Closing The Wage Gap

Read more about efforts to reverse income inequality.

  • June 21, 2021

    Delaware General Assembly passes $15 minimum wage, sends bill to Gov. John Carney

    By Sarah Gamard, Published: Jun. 17, 2021 Delaware's minimum wage is expected to go to $15 an hour by 2025 after being passed late Thursday by the General Assembly. The House voted 26-15 along party lines to pass Senate Bill 15 by ...more
  • June 18, 2021

    Lawmakers propose raising Wisconsin’s minimum wage to $15 an hour

    By Juliana Tornabene, Published: Jun. 17, 2021 MADISON, Wis. (WMTV) - Two lawmakers from Madison have introduced legislation Thursday to raise the Wisconsin’s minimum wage to $15 an hour. State Sen. Melissa Agard (D-Madison) and State ...more
  • May 28, 2021

    City of Wichita raises minimum wage for new employees to $15, plans to also raise it for current employees

    By Eli Higgins for Kake May 27, 2021 Like most industries, the City of Wichita has found itself in a very competitive labor market during the pandemic, making it hard to find help. But after pledging a big change to its minimum wage, city ...more
  • May 17, 2021

    CT nursing home workers postpone planned strikes

    By: Susan Haigh for The Bulletin May 14, 2021 Unionized nursing home workers agreed to postpone strikes planned for Friday at 26 facilities across Connecticut after Gov. Ned Lamont's administration reached an agreement with union leaders ...more
  • May 10, 2021

    Chipotle increasing hourly minimum wage to $15

    By Cherryh Cansler for Fast Casual May 10, 2021 All Chipotle Mexican Grill restaurant workers will earn $15 per hour by June, as well as have a chance to become a "restaurateur," the chain's highest general manager position. The average ...more
  • May 3, 2021

    Fact Sheet: Biden-Harris Administration Issues an Executive Order to Raise the Minimum Wage to $15 for Federal Contractors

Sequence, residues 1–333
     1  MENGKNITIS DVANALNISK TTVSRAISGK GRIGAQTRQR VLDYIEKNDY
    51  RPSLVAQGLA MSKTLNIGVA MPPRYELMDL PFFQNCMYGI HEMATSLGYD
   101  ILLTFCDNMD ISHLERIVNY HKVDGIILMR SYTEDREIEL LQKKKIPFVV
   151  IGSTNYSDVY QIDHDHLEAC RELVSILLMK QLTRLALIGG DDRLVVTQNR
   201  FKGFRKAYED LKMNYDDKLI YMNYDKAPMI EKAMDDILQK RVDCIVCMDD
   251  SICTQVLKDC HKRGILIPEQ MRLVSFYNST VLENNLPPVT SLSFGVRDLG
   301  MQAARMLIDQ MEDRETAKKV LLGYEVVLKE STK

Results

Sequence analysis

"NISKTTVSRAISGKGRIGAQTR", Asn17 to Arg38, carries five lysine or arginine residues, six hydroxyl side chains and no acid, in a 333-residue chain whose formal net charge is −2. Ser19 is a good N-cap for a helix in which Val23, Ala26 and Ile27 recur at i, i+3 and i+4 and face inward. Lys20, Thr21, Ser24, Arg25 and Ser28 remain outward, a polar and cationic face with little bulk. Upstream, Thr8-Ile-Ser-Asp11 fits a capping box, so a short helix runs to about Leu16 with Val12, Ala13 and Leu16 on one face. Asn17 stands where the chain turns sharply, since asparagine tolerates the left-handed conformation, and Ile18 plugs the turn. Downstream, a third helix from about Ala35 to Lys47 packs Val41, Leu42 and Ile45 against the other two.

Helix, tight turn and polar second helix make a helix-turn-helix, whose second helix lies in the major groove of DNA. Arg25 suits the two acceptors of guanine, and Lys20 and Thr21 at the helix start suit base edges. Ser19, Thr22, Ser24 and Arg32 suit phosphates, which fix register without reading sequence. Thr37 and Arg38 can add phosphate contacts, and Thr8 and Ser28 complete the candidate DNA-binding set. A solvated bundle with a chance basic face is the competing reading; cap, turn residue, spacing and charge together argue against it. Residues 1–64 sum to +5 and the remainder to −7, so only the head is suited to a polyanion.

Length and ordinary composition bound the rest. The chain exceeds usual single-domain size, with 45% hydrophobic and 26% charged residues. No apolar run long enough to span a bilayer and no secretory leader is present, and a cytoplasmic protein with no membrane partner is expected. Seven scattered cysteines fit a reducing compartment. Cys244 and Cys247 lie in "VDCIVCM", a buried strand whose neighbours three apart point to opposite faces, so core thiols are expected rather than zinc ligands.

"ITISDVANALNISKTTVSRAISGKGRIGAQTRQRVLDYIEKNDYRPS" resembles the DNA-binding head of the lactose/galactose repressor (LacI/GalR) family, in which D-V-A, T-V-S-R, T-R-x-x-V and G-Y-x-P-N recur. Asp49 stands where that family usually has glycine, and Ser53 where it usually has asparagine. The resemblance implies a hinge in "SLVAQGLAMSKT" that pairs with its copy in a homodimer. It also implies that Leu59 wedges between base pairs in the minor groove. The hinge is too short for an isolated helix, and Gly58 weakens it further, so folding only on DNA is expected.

By White House Briefing Room April 27, 2021 for the The White House Today, President Biden is issuing an executive order requiring federal contractors to pay a $15 minimum wage to hundreds of thousands of workers who are working on federal contracts. These workers are critical to the functioning of the federal government: from cleaning professionals and maintenance workers who ensure federal employees have safe and clean places to work, to nursing assistants who care for the nation’s veterans, to cafeteria and other food service workers who ensure military members have healthy and nutritious food to eat, to laborers who build and repair federal infrastructure. ...more
  • April 26, 2021

    Punch Pizza announces it's raising starting wage to $15 an hour

    By:Declan Desmond April 25, 2021 for Bring Me The News The $15-an-hour minimum wage movement has gained at least one key adopter in the Twin Cities: Punch Neapolitan Pizza. The local chain, which boasts 12 locations around the metro, made the announcement on Facebook this weekend: Punch says that, "starting today, all newly hired employees will start at $15/hr," and that "100% of our current employees are also getting a raise." "We think our employees are our number one asset," the post says. "When we ask customers why they return to Punch the top two answers, closely ranked, are the quality of our pizza and our engaged, friendly employees." As WCCO notes, Punch is "one of the first Minnesota restaurant companies to make this leap to a $15 minimum wage." The station says the company will also be expanding its training programs along with the wage increase. ...more